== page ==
Ivan Pavlov

Although he won a Nobel prize for his work in explaining the processes of digestion, Ivan Pavlov is best remembered for his discovery of classical conditioning. A physiologist by training and in practice, Pavlov thought psychology was a fad. His explanations of conditioning were pure physiological but they were interpreted by Watson and others as psychological.

Born in Ryazen (central Russia), Pavlov attended the University of St. Petersburg where he studied under Ivan Schenov (who had been a student of Muller and Helmholtz). After receiving his MD in 1883, he studied physiology for two years in Leipzig, Germany. In 1889, Pavlov’s experiments on the digestive process brought about a curious observation. He noted that the dogs being used as subjects in his experiments salivated not only to the presence of food but to associated stimuli (sound of keeper’s bell jingling, etc.). Exploring the matter as a good physiologist would, Pavlov employed a surgical procedure which allowed him to collect and measure the amount of saliva produced by each dog. Having established a reliable dependent variable, Pavlov varied one independent variable at a time and noted the results.

Pavlov’s classical description notes that the presence of an unconditioned stimulus (food) produces an unconditioned response (saliva of a given amount; varying somewhat between trials and between dogs). After sufficient pairings of the food with another, previously unused stimulus (e.g., light), the conditioned stimulus (light) could bring about a response (conditioned response). The conditioned response was weaker than the unconditioned response (i.e., less saliva) and forgettable (if repeated too often without food being presented).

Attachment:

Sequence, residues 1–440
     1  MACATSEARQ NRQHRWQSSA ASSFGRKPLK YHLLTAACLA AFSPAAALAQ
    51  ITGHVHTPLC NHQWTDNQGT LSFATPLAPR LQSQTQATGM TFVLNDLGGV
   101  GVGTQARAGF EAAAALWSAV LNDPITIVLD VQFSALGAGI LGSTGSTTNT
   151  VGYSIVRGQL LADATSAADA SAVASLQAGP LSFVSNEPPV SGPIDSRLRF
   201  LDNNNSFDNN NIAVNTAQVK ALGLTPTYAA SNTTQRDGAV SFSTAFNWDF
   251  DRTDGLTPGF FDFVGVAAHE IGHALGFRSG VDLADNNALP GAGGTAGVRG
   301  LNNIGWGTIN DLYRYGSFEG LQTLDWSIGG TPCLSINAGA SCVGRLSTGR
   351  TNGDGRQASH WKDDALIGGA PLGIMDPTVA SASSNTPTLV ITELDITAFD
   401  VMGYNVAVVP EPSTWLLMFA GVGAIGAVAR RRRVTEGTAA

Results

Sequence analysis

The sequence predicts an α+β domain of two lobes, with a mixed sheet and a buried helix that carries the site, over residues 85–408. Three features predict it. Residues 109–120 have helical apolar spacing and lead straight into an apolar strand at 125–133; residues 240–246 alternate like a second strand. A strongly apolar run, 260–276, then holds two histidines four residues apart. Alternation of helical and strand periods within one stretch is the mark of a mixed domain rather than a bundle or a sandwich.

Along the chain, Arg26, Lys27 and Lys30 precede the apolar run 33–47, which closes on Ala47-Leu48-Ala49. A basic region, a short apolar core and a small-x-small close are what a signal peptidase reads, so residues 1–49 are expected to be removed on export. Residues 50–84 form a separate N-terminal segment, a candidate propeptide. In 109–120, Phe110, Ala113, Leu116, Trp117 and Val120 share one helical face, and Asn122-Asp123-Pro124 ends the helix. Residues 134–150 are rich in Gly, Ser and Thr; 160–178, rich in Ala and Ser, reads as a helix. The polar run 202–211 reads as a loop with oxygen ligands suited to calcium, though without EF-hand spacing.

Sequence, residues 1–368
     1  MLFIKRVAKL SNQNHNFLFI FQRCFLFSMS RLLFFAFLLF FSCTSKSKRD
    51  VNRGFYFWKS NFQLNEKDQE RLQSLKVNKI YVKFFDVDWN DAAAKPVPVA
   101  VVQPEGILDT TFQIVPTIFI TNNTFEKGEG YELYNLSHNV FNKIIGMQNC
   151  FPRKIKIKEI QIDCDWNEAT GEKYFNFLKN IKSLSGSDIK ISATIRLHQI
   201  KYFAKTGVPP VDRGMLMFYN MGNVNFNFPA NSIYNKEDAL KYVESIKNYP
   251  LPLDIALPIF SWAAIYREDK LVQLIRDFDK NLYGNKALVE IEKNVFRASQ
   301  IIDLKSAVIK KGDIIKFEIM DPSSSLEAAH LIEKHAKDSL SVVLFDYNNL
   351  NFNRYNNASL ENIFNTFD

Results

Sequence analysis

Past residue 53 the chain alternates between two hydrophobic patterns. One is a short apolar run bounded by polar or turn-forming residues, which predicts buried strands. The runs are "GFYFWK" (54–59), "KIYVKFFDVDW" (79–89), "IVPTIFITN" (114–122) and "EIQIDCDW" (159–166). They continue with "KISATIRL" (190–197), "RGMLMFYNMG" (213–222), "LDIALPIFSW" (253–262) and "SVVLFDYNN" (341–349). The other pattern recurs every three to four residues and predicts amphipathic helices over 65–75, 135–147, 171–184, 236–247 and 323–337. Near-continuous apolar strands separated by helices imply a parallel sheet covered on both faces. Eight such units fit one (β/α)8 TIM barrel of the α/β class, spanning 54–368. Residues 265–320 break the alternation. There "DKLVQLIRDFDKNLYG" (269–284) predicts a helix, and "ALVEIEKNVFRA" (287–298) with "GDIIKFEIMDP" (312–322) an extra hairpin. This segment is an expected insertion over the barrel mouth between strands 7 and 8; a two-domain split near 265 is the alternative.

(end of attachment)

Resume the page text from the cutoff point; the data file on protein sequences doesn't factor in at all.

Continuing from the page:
Pavlov called the conditioned response “psychic secretion,” and explained it as being the result of higher cortical involvement. Interestingly, when the conditioned stimulus was repeatedly given until no psychic secretions occurred, a period of rest was all that was needed for the conditioned response to reappear. Pavlov assumed that this “spontaneous recovery” of the association was due to excitation of neural connections.

Pavlov studied classical conditioning quite thoroughly. He showed that similar stimuli to a conditioned stimulus produced similar results. That is, there was “irradition” (a spread of effect to other parts of the brain). For Pavlov, stimulus generalization was a neurological process. Similarly, neural physiology was assumed to explain discrimination. That is, subjects were able to learn to salivate in response to a particular tone but not salivate when other tones were presented. Naturally, if too fine of a discrimination was required, the dogs could not solve the problem. Pavlov called their resultant barking and unmanageability “experimental neurosis.”

For Pavlov, reinforcement was in terms of reiteration. One reinforced behavior as in reinforcing steel (added more of it). Pavlov believed that mental functioning was completely neurological. He proposed a “dynamic stereotype,” a neurological mapping of the environment.

Here’s a video lecture on Ivan Pavlov.

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